Evolution, Scarcity and Ethics

Martin Stellar
Jun 10 · 2 min read

“Hey”, I said. “I thought you didn’t eat sugar?”

“I do!” she replied. “But my parents won’t allow me, and in school I can’t because the teachers will tell on me. That’s why I always turn down birthday cakes and stuff”.

A school excursion, and we were about 8 years old. This girl’s parents were severely into holistic and healthy living, and apparently sugar was of the devil.

The moment we’d gotten off the bus, she’d spotted a little shop and bought a bag full of sweets which she was now moving into her mouth in an industrial manner.

“You won’t tell the teacher, will you?”

I told her no, and she offered me some of her stash.

The desire for something unattainable is baked into our psyche, and we can’t avoid judging something scarce as something valuable.

Goes back to our prehistoric times, when leaves and predators were abundant, but prey, berries and nuts were hard to get.

Scarce resource = high value… that’s how our subconscious works.

Marketers have figured this out, and created an artform out of manipulating us.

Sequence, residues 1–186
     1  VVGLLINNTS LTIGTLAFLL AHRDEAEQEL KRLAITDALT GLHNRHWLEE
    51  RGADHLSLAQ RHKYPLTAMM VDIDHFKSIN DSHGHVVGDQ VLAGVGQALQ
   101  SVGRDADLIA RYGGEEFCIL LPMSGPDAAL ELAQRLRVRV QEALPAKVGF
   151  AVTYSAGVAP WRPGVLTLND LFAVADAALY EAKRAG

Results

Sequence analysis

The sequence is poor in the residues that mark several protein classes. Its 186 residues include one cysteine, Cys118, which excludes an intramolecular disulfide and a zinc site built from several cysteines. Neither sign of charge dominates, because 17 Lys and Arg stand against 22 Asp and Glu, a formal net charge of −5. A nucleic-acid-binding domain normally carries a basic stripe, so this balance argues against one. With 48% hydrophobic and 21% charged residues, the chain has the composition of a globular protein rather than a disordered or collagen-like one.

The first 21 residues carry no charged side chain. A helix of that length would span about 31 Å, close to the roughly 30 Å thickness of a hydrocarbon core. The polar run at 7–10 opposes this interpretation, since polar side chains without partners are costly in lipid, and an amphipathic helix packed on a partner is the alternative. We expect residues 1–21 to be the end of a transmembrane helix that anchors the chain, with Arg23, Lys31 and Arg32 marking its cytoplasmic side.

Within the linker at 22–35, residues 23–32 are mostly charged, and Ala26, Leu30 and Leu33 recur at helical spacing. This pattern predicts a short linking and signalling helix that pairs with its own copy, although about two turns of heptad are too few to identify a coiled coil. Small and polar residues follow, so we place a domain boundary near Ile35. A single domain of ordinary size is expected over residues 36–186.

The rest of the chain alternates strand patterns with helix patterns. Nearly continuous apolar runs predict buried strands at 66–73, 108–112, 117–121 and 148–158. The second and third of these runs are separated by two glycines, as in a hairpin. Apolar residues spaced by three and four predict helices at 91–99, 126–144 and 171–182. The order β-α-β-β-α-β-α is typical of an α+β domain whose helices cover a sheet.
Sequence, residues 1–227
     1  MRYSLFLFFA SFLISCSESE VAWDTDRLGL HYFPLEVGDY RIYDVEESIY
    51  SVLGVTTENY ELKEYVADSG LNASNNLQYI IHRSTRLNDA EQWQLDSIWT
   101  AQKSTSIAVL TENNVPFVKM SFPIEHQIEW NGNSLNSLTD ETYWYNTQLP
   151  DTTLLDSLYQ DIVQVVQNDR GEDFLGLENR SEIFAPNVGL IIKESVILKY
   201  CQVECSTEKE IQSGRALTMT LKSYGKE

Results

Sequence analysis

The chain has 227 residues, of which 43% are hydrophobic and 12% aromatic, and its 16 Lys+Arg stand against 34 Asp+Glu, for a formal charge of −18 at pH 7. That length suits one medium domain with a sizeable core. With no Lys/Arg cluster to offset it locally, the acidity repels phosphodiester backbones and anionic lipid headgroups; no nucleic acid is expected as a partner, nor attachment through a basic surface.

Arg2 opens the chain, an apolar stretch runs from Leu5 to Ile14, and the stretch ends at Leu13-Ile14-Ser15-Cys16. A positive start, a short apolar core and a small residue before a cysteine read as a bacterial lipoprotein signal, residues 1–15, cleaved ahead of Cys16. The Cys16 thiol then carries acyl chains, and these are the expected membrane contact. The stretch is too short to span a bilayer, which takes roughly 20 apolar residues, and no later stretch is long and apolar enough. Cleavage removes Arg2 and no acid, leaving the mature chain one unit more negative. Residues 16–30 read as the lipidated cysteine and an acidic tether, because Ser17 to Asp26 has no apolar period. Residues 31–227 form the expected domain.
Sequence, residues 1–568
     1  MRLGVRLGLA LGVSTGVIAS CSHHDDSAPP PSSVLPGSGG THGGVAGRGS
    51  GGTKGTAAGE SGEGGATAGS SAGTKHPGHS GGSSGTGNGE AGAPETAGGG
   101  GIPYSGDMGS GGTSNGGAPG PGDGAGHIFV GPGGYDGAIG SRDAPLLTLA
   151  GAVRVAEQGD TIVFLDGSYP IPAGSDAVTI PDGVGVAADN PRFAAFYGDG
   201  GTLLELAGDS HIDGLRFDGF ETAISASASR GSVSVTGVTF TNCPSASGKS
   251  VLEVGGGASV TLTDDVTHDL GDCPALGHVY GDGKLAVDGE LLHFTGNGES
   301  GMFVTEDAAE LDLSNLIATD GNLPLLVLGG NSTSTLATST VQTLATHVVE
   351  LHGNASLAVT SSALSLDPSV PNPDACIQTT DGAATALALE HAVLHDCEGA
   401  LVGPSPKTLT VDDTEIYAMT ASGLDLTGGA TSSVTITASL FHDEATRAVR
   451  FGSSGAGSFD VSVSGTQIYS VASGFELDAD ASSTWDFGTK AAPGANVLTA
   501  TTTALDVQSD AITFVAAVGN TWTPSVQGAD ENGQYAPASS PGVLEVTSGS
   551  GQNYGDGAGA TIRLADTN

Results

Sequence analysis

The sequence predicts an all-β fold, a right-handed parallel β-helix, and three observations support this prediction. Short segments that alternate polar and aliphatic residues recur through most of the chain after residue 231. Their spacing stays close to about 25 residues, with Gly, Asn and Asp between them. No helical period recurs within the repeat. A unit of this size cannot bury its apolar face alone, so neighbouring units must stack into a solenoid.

Sale ends, limited stock, offer expires, buy now, don’t miss out… we all know the drill, and most of the time the scarcity is artificial and fabricated. Marketing teachers even tell us to use these methods, in order to get more sales.

In itself, there’s nothing wrong with a limited-time offer: it can help people who are the right buyer, to get off the fence and make the decision to purchase.

But the way it’s usually done, scarcity is used to trigger super-primal survival instincts, making us feel on a subconscious level that unless we buy now, our safety, well-being and lineage is at risk. That might sound dramatic, and it is: rationally we know it ain’t all that bad, but our subconscious is highly irrational, and simply perceives: ‘Scarce! Grave risk, unless I get! Must! Get!’.

The first problem is that it ain’t right to treat people that way. It’s manipulative and very dodgy.

The second problem is that if you drive too hard a sale, you end up with the wrong buyers.

You’ll pull in people who buy not because they want or need your thing, but because their lizard brain drives them to do it.

And then you get refund requests, buyer’s remorse, info-products that never get used, bad reviews, complaints on forums… all the things that don’t help your business.

Selling something is fine — after all, we all like buying things and most people sell things that are worth buying.

But there’s a line between manipulating people based on fear, and helping people who want to buy make the decision to do so.

What side of the line are you on?

Cheers,

Martin


Originally published at MartinStellar.com.

    Martin Stellar

    Written by

    Copywriter, ex-monk, marketer, singer, recovering artisan. Lover of life, helper of people. http://martinstellar.com